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Week In Review: Sinclair Thinks Fox’s RSNs Are The Bomb, Pluto’s Getting More Firepower From Viacom

1. Sinclair Thinks Fox’s RSNs Are The Bomb

The last open question on the Fox/Disney deal was answered this week when Sinclair, the nation’s largest operator of independent broadcast stations, bought the remaining RSNs off of Disney for $9.6 billion, far less than many observers had expected. Private equity (PE) firms were the only other bidders, as the Silicon Valley crew, which many had expected to take a swing, decided not to play ball. (See what we did there.)

Why It Matters

RSNs are valuable in that the people who watch them are frequently hardcore fans who base their TV viewing decisions on which MVPD or vMVPD is carrying the RSN they want to see.

A casual sports fan will be satisfied with ESPN, but a die-hard Yankees fan will insist on the YES network and its absence will be a deal breaker. (NB: YES, which carries Yankees and Brooklyn Nets games, was purchased separately by a combination of Sinclair, Amazon and PE firms—Amazon’s presence there was what led people to suspect they’d also bid on other RSNs.)

When teams are doing well, RSNs can also bring in broadcast network-like ratings and revenue, giving brands access to coveted demos and otherwise printing money.

The downside is that when teams aren’t doing well, they can be a major drain on profits, and while it’s a big niche, sports is still a niche market and there’s often little overlap between say baseball fans and hockey fans.

There’s also little overlap between various local RSNs, and so sports fans in the Los Angeles area have to deal with no less than five separate RSNs, and if there are multiple fans of multiple teams in the house, that can get expensive.

There’s also the question of what Sinclair’s ultimate goal is.

They recently launched STIRR, a service that gives viewers access to their local stations via a streaming app. While they are currently claiming otherwise, rolling up RSNs into STIRR would be a smart idea as it would also allow fans who were not local to watch their favorite teams and allow successful teams to expand their fan bases.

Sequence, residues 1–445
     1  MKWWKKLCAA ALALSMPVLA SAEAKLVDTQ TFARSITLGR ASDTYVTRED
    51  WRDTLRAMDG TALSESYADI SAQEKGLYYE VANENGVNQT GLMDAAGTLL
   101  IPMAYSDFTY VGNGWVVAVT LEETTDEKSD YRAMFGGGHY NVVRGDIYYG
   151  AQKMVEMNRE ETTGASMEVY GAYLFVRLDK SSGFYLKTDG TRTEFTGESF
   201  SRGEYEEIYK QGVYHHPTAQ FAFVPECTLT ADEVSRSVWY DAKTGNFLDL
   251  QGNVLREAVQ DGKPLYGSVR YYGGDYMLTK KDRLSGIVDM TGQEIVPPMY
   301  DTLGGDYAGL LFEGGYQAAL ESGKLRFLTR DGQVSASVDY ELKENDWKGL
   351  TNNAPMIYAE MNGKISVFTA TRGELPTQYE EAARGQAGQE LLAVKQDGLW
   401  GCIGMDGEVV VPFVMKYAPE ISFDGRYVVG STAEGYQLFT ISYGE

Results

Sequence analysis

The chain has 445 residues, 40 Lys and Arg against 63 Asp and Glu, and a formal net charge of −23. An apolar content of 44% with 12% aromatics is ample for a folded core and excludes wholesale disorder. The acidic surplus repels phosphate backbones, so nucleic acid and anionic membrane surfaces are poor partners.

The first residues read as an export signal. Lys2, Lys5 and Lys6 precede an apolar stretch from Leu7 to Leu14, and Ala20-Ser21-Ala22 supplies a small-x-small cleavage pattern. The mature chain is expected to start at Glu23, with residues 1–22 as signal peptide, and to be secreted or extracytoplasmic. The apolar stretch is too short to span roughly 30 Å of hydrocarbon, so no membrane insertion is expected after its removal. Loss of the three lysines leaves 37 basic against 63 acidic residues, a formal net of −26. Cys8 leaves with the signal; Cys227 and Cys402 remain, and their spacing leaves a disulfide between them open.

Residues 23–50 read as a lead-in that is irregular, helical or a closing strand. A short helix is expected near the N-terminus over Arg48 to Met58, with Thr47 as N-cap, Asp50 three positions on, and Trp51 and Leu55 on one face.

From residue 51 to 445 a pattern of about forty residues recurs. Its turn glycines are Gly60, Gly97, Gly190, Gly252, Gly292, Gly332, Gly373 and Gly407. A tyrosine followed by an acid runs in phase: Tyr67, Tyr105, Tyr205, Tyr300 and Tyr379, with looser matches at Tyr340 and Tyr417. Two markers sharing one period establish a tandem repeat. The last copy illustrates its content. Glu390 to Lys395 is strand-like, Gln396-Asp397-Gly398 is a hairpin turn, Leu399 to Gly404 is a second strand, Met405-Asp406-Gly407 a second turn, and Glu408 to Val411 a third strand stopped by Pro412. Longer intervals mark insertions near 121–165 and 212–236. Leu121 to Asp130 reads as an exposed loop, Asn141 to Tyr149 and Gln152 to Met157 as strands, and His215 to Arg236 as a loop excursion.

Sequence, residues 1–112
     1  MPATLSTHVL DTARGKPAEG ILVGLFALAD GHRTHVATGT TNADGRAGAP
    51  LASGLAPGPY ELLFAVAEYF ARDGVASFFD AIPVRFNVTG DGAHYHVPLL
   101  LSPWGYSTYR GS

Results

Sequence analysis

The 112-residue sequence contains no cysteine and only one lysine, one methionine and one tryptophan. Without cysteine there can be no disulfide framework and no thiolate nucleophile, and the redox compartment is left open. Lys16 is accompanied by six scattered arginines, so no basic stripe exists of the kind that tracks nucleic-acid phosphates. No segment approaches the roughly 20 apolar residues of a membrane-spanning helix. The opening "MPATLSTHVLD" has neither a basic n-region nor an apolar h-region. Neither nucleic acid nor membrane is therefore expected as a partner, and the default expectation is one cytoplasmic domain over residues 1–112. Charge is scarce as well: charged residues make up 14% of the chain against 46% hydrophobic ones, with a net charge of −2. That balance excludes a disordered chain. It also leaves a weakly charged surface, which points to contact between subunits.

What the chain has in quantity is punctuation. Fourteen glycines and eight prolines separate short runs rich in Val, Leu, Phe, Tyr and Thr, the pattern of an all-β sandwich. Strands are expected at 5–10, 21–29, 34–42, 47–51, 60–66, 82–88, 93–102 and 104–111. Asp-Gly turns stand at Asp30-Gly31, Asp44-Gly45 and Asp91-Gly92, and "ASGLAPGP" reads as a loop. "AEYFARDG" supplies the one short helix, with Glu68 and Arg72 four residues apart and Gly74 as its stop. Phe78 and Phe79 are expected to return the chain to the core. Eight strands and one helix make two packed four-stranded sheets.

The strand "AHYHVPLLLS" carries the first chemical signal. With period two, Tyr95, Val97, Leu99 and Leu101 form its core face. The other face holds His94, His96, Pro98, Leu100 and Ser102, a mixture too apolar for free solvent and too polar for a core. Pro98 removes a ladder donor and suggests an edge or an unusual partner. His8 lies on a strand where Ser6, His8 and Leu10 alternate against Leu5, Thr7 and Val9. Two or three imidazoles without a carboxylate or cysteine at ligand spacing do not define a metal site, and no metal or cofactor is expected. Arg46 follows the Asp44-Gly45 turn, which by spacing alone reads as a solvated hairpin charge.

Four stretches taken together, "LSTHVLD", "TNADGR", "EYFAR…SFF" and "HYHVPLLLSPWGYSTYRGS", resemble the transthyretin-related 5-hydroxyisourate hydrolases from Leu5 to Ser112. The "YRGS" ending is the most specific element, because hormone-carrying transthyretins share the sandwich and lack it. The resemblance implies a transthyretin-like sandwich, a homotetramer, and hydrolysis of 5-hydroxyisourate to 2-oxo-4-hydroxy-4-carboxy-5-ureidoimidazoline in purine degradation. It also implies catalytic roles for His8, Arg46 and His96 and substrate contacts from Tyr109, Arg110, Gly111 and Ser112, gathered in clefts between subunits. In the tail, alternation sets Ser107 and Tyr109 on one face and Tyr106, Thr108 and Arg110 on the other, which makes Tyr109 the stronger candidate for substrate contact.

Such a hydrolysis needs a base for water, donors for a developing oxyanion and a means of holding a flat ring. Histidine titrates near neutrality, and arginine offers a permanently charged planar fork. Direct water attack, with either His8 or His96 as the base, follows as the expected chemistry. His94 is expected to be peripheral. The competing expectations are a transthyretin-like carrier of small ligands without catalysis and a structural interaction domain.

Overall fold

Both those scenarios may have legal issues around them, sports leagues being more territorial than wolves, but even providing streaming access for local fans would be a lucrative move.

Then there’s a fact that there are two things people want to watch live–sports and news–and Sinclair, being a broadcaster, now has both of them. While Sinclair’s news division sits to the right of Fox, they’ve promised not to mix the two, and the local news plus live sports equation is going to let them establish an even more dominant position in the local broadcast arena, and, more importantly, keep that arena open because right now the streaming services can’t touch it. (Streaming-only RSNs, plus a streaming-based local news app could seriously have killed off a lot of local broadcasters over the next five years.)

Finally, there’s ATSC 3.0, the “NextGen TV” tech that Sinclair is so hot on. Among other things, it allows for over the air reception on smart phones as well as addressable advertising on TV sets, both of which would be ideal ways to reach sports fans. While it will likely be three to five years before ATSC 3.0 has any real traction, Sinclair can afford to play the long game here.